Can a Car Battery Die While Driving? What You Need to Know
You may have gone to start up your vehicle in the morning or after leaving a store, and it simply won’t turn over. But can a car battery die while you’re driving?
While a car battery can die while you’re driving, it’s quite unlikely. But if your car battery keeps dying, something is going on, and you must figure it out and fix it as soon as possible.
That’s why we developed this guide, to walk you through everything that you need to know.
Can a Car Battery Die While Driving?
Yes, though it’s a rare occurrence. Your car uses electricity when driving. If you have a faulty battery or something else is going on and the system isn’t working as it should, your car battery can die while you’re driving.
While it’s unlikely that your entire vehicle will die because of a dead battery while you’re driving, it’s technically possible.
What Can Cause a Car Battery to Die While Driving?
Since the battery uses power while you’re driving, if it’s unable to accept a charge from the alternator, a bad battery can keep dying even while you’re driving.
Of course, the problem could be with the alternator itself. It doesn’t matter if you have a brand-new battery in there if nothing is charging it! These are typically the two problems that could lead to you having a dead battery while you’re driving, although there are many other things that could cause your vehicle to shut off while you’re driving.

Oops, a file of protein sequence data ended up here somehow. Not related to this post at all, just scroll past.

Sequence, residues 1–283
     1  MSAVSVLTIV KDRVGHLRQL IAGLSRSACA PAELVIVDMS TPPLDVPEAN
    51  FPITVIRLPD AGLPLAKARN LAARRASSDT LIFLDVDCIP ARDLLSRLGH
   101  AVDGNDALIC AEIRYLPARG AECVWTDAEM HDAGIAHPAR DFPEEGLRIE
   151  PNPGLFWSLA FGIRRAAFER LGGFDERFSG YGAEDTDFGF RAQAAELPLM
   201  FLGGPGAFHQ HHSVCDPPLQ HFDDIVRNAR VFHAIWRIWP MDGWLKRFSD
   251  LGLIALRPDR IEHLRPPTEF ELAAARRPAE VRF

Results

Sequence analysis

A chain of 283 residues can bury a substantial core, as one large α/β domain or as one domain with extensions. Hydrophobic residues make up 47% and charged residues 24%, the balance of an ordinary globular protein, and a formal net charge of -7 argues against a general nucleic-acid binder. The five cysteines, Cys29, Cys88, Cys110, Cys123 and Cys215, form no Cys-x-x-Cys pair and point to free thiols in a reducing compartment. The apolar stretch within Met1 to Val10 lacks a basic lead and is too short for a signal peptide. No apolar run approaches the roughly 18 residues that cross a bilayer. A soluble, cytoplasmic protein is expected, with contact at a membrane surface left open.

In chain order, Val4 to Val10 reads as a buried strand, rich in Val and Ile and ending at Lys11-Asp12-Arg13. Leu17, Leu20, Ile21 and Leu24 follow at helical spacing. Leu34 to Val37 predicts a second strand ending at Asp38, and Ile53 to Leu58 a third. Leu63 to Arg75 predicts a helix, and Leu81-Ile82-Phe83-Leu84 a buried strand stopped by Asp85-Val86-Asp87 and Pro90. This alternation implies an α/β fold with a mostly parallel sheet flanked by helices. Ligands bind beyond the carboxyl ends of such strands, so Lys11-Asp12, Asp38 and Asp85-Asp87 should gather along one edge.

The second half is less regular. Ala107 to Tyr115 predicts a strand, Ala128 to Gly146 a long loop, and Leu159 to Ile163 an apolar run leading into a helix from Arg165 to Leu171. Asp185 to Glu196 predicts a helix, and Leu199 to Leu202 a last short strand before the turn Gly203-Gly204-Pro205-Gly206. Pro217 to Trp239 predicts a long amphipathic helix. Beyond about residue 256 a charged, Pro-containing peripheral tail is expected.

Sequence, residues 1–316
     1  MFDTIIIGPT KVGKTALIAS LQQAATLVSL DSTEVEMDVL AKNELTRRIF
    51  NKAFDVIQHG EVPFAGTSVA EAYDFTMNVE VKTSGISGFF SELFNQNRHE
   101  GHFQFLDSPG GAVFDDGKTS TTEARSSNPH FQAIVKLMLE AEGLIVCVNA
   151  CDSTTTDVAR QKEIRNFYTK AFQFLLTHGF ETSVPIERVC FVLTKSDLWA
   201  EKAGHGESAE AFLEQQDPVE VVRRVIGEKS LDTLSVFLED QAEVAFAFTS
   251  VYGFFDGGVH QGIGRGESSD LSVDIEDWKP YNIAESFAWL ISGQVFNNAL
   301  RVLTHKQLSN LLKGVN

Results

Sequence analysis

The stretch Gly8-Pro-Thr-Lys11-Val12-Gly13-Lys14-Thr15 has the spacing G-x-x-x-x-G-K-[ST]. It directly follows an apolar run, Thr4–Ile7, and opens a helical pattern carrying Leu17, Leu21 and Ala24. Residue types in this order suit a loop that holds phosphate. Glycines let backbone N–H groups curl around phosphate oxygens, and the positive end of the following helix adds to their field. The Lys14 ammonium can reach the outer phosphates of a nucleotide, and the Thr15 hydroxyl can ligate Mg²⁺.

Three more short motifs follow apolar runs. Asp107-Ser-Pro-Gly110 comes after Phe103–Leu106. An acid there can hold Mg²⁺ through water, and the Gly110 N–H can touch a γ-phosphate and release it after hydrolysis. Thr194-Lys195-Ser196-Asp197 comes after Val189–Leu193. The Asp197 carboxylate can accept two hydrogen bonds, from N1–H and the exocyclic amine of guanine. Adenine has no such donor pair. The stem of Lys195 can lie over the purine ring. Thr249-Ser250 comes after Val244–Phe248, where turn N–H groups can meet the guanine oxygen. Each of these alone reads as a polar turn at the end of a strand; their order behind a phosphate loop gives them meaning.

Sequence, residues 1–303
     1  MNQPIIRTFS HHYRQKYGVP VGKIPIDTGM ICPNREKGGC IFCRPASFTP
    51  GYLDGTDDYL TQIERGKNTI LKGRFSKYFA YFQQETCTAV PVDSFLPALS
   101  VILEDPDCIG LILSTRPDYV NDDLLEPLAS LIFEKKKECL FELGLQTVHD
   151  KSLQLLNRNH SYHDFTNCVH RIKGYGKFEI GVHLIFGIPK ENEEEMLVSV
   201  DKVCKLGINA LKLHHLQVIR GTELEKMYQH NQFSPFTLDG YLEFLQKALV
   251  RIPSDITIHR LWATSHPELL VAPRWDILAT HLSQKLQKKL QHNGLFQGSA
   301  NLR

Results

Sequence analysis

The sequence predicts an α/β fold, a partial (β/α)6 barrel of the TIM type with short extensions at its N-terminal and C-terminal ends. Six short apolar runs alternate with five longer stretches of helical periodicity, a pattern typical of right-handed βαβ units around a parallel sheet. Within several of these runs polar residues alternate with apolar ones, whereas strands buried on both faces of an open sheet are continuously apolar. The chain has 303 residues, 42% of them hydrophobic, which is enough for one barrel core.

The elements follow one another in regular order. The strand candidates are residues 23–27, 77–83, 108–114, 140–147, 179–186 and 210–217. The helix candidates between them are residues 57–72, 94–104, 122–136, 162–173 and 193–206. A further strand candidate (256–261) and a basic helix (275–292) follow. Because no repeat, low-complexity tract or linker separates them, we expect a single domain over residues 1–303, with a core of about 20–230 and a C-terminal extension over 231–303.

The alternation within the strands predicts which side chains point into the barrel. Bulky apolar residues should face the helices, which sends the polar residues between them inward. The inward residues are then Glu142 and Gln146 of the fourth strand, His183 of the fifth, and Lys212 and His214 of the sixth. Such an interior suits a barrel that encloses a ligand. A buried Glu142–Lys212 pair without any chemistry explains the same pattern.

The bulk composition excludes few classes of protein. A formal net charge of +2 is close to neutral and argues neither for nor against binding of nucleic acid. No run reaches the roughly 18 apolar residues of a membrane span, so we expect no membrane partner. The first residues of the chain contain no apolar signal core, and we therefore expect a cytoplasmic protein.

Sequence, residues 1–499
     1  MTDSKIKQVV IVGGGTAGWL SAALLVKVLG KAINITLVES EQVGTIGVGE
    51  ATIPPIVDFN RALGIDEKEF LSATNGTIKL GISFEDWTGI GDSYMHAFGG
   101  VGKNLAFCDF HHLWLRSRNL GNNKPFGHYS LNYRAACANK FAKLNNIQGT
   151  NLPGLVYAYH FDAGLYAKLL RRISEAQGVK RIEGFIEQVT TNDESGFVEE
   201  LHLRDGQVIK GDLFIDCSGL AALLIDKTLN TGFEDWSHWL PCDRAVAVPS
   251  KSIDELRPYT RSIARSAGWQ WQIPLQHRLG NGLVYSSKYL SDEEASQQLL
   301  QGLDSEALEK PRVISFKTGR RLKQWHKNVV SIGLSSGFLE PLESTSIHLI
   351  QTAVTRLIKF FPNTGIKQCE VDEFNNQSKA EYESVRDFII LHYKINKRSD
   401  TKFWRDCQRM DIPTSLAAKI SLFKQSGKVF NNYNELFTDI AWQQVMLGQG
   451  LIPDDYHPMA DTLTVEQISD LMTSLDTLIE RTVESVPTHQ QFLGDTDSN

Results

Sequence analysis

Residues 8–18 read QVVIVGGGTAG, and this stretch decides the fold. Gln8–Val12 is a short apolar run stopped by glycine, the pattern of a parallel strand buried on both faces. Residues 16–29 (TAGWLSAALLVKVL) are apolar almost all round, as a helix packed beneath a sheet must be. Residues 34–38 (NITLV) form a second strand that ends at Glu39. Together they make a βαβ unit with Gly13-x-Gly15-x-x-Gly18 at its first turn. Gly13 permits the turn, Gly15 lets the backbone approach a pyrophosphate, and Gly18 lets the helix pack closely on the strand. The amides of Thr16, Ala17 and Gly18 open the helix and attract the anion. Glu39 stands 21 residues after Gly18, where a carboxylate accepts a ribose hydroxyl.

How Long Should Your Car Battery Last?
It depends on the car battery and where you’re driving, but you can expect a standard lead-acid car battery to last anywhere from 3 to 7 years, depending on your location. The colder the region you live in, the shorter the battery’s lifespan is!
Of course, you can invest in an AGM or gel battery instead, as those can last quite a bit longer — often between 5 and 10 years! It still depends on your location, though, and you will want to use the battery regularly and keep it charged to get the most out of it.
How to Troubleshoot a Car Battery That Dies While Driving
If your car battery keeps dying when you hit the road, you need to know what to do to troubleshoot it. Otherwise, it’ll keep happening, or even worse, you’ll end up replacing the wrong part.
Start by disconnecting the battery and fully charging it. While part stores like AutoZone will test the battery for you, they can’t get an accurate reading unless you have a fully charged battery.
Only once you have a fully charged battery should you test it and see if that’s the problem. If it is, then you will want to replace it, although you should check the rest of the system too. If you take your vehicle to AutoZone or another parts store, they should check the alternator for you. If it’s charging the battery, that shouldn’t be the problem, and the chance of your battery dying while you’re driving is quite low. However, there is one more thing that you want to check: a parasitic draw.
A parasitic draw pulls power from the battery when everything is supposed to be off. Since the battery might keep dying after you start driving, you might misdiagnose when it’s happening.
To test for a parasitic draw, pop open the hood, turn off the vehicle, and disconnect the negative terminal from the battery. Let it sit for about 5 minutes to get rid of any residual power, then hook up your multimeter.
Put the red lead on the “Amp” reading, then put one lead on the negative battery terminal and the other on the end of the negative battery cable. If there’s more than 50mA, you have a parasitic draw, which is likely what’s killing your battery.
It’s frustrating when you can’t get your vehicle to start, but hopefully after reading this guide, you can put those non-starting days behind you for good. If you can’t figure out the problem, though, take your vehicle to a qualified mechanic.
Otherwise, the extra stress on your car that comes from your battery constantly dying will lead to even more repairs!
Featured image Credit: BruceEmmerling, Pixabay